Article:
WhiteCoat

Criminalizing Society

Attribution: http://www.everystockphoto.com/photographer.php?photographer_id=14097

The criminalization of society continues.

Regular readers know that I strongly disagree with state efforts to criminalize the practice of medicine. See previous posts here, here, and here for a few. Two days ago I posted an article about a doctor who was criminally charged with providing excessive pain medications to patients who died (as I expressed concern about back in 2009). Now federal agents are arresting physicians for providing fraudulent or “unnecessary” care.

This isn’t concerning to anyone?

I have no problem with taking professional action against any medical practitioner who is a danger to the public. Well, I have a little problem. Some of the assertions of “dangerous” activities I have seen made by state licensing boards make me wonder whether the board members should be charged with a crime for incompetency. In one instance, a board was prepared to file a letter of reprimand against a physician because he didn’t order a CT scan on a patient with a headache. The reason? “This patient came to the hospital by AMBULANCE and you didn’t do enough.”  Action taken against license because a patient dialed 911.

I also don’t have a problem filing criminal charges against medical practitioners that break laws. Intentionally engage in fraud? You deserve what’s coming to you. Steal from patients? Go to jail.

However, throwing someone in jail for doing their job – even if they do their jobs poorly – just sends the wrong message and will lead to unintended consequences.

I’m not going to go on a long rant about this, but I wanted to illustrate how more and more professions are coming under a government attack because they allegedly don’t do their jobs appropriately.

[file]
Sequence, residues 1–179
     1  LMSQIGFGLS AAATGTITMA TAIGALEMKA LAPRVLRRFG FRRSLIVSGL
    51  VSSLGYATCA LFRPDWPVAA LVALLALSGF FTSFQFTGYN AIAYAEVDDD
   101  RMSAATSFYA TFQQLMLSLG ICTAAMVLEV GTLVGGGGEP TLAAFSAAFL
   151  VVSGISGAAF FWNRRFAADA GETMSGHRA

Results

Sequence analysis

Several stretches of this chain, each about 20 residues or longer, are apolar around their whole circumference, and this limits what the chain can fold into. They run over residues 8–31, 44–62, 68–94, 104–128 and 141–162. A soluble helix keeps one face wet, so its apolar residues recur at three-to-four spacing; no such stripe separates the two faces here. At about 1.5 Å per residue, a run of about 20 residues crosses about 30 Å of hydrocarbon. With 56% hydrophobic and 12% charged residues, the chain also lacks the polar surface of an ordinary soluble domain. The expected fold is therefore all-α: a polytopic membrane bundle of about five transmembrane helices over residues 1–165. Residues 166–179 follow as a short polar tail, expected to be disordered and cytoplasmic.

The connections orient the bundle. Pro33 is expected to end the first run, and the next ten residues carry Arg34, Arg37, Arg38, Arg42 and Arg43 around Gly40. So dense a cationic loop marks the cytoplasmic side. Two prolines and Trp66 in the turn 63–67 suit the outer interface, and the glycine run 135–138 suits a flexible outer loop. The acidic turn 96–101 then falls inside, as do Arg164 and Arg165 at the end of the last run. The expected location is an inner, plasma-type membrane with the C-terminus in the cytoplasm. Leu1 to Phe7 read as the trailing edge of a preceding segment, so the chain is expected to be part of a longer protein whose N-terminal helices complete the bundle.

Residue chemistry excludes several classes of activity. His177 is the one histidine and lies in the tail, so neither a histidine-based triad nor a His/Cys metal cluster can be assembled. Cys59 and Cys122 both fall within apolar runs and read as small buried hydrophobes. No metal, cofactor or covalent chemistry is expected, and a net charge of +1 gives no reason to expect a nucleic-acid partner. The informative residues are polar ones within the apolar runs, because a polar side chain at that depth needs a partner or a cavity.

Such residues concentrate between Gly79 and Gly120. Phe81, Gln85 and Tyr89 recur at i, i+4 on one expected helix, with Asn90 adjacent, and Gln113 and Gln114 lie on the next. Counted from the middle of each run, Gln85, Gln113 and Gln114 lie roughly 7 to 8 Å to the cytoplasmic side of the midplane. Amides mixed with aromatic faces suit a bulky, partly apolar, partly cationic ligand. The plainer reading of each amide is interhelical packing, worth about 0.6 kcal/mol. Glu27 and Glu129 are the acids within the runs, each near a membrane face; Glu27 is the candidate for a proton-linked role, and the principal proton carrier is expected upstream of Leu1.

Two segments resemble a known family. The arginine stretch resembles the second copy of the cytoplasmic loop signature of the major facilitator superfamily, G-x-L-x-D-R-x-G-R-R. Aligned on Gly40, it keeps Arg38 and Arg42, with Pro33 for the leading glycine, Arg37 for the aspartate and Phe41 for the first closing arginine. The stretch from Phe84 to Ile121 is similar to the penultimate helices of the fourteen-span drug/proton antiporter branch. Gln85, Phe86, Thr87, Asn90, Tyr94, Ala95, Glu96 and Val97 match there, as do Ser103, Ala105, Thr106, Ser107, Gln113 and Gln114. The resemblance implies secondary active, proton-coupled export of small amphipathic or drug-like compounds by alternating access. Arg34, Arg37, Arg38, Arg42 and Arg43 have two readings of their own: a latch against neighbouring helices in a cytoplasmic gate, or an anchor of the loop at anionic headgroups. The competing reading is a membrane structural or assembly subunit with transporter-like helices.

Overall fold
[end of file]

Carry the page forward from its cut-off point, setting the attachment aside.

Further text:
Tarl commented about the case of the Italian scientists who were charged with manslaughter and sentenced to six years in jail because they failed to predict an earthquake that killed more than 300 Italian citizens. Prosecutors argued that the scientists offered “incomplete, imprecise and contradictory information” to the Italian citizens. As Tarl noted, scientists from around the world denounced the trial, noting that predicting earthquakes is impossible.
Think about the implications for Italian scientists in the future. Doing everything in their power to avoid a six year prison term in the future, the seismologists will now be encouraged to report to the media that an earthquake may occur and that things may not be safe every time that a truck without a muffler drives past the seismologists’ offices and shakes their equipment. Chicken Little, baby. If someone drops a cup of coffee, the sky must be falling. Run for the hills. In a few years, the population will be so sick of the false alarms that when the real earthquake does hit, they will have ignored the warning anyway.
But by criminalizing an inexact science, the buffoon Italian prosecutors have made Italy a safer place, right?

Then consider the case of attorneys for GlaxoSmithKline who were indicted for making false statements to the FDA when Glaxo was being investigated for promoting Wellbutrin for an off-label use. The in-house counsel hired a national law firm to help Glaxo respond to the FDA’s allegations. A year later, the government came after the attorney for obstruction of justice … for representing her client … alleging that the attorney had assisted Glaxo in furthering a cover-up or a crime. Even documents that are protected from discovery by the attorney-client privilege were forced to be turned over to the government.
How will the threat of criminal charges affect an attorney’s practice of criminal law? Go to jail if you defend your client too zealously? Be concerned about this, people. With the threat of criminal charges looming over attorneys who defend criminal clients, will clients really get the zealous representation to which they are entitled?